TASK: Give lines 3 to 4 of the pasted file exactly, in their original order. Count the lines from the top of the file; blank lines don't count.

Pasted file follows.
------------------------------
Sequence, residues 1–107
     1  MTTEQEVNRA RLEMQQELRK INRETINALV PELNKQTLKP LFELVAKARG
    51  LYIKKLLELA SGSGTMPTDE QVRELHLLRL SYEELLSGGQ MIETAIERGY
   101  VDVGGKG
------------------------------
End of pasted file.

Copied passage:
    51  LYIKKLLELA SGSGTMPTDE QVRELHLLRL SYEELLSGGQ MIETAIERGY
   101  VDVGGKG